Currently the Trust is exploring the concept of developing market rental housing, investigating regional shipping logistics tosee if they could play a role in mitigating barriers to business growth, and they will be supporting the Cranbrook/Kimberleyeconomic initiative and the MIDAS lab in Trail.
Distinct from their climate change initiatives, the CBT also partners with local organizations to “implement projects andinitiatives that address environmental priorities.”
Currently they are looking for feedback on how to manage recreation opportunities in the Koocanusa area. Recently theycompleted seven years of work on conservation model Water Smart, which has reduced consumption in local communitiesfrom two to 39 per cent.
As part of that program they provided a technical support team and an outreach program called Water Smart Ambassadors.
The CBT has made affordable housing one of their 13 strategic priorities. They have committed $15 million to the endeavourand are among to create 150 new housing units by 2020.
“Providing capital grants to help create housing units is part of the initiative, and the Trust will work in partnership withcommunities, funders and other organizations with complementary housing objectives,” reads their website.
They have brought 405 units to 13 communities in the Columbia Basin since 2009 with the help of local housingorganizations, the federal and provincial governments, and local post-secondary institutions.
A key part of the CBT’s funding structure involves generating an income stream that can be converted into cash for thecommunity. They invest in power projects, businesses and seniors housing facilities.
“By carefully investing this money, we have brought the book value of assets to $720 million, which will generate a return of$55 million per year starting in 2017,” reads the website.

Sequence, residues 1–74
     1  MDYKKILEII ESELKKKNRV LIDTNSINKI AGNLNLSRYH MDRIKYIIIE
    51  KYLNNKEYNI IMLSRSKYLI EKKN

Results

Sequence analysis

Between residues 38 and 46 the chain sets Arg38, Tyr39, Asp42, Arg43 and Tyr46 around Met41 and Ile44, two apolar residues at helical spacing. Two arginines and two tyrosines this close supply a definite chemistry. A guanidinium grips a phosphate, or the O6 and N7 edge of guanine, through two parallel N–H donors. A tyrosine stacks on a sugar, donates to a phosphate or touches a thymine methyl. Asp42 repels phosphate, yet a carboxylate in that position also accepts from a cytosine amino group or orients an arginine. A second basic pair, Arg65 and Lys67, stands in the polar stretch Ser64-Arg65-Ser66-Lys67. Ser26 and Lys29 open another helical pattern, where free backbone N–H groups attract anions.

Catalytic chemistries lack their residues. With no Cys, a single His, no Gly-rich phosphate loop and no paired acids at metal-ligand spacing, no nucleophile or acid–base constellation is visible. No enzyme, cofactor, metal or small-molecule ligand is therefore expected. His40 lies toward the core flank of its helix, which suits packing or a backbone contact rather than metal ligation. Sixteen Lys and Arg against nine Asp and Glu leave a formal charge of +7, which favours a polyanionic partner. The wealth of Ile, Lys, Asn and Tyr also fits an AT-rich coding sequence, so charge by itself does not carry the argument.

One of the most significant investments is the Waneta Expansion Limited Partnership, which saw a $900 million powerhouseconstructed downstream of Waneta Dam.
In December CBT approved $1 million worth of funding for 28 projects that address social well-being, with funds funnellinginto an early childhood education pilot project, outreach programs and the North Kootenay Lake Community Services Society.
A month earlier they took part in the opening ceremony for the Canadian Mental Health Associations’ new multi-purposeCranbrook facility, which has 18 affordable housing units inside.
Last year the CBT announced the formation of a Basin Youth Network, which aims to enable youth to learn new skills andengage with the community. Over the course of the next three years they’ll receive $4.65 million, which is just over $1.5million annually.
They have also maintained a youth hub called The Outlet Youth Centre in New Denver since May 2012.
Looking to the future
Strilaeff was close friends with former CEO Neil Muth, who passed away in November, and he believes his colleague left theTrust in a good place.
“It was seen by some to be losing its way, and Neil was able to come in and course-correct, re-engage and set us down a paththat’s much more consistent with what the region wants.”
He plans to continue the work Muth started.
“We worked through extensive engagement with communities in 2015 and 2016, to see what they saw as their priorities. Nowwe’re starting to plan and prepare for what lays ahead.”